Farmworkers at a supplier for Driscoll’s, the largest berry distributor in the world, won a raise earlier this month — as well as some Covid-19 safety measures — following a series of actions demanding better pay and working conditions.(No paywall)
In a rare organized action, more than 100 nonunion workers joined a work stoppage at Rancho Laguna Farms, a California grower that supplies Driscoll’s, the largest berry producer in the world. The workers were protesting a demand that they pick only the best fruit for the same pay, even though quality was spotty, making it hard to earn more than minimum wage at their piece-work rate of $1.90 a box.(No paywall)
A jury ruled that two former stars of the strawberry breeding program at UC-Davis violated an agreement with the university over control of the plants they developed while at the school.
Strawberry researcher Douglas Shaw "found himself in a legal jam," says The Associated Press in covering a dispute in which UC-Davis is suing Shaw and his research partner, "alleging they stole the school's intellectual property by taking some of the fruits of their research with them" when they left the school. The scientists have filed a $45-million countersuit that says UC-Davis is sitting on their advances.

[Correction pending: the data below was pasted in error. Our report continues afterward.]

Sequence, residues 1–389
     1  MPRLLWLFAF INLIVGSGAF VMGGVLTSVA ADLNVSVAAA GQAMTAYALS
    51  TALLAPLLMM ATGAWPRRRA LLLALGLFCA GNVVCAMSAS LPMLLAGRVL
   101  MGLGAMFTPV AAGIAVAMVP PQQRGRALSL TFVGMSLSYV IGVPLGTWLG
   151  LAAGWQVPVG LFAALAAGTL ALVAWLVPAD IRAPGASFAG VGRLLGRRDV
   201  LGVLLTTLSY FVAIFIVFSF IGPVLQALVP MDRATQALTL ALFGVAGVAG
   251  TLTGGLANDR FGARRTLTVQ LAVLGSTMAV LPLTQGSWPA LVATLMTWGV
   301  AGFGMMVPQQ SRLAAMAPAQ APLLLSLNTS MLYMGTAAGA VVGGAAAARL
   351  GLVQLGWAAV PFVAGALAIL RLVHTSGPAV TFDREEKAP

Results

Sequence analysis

If there’s one fruit to be wary of its conventional strawberries, says the Environmental Working Group (EWG), which put the fruit at the top of its annual "Dirty Dozen" ranking.
"On the agronomical trip to market, strawberries have lost some of their flavor," says Wired, noting the adjustments made over the decades to produce a bright-colored, slick-skinned, large-sized berry that is easy to pick and stays in condition.
Rudy Mussi, who farms in the Sacramento Delta, "is not the California farmer you've been hearing about," says the NPR blog The Salt. "He is not fallowing all his fields or ripping up his orchards due to a lack of irrigation water."
Drought in California could idle 78 percent of the state's farm land yet, "A booming population and a sharp increase in lucrative crops like berries and nuts that require more water strain the system" says the New York Times.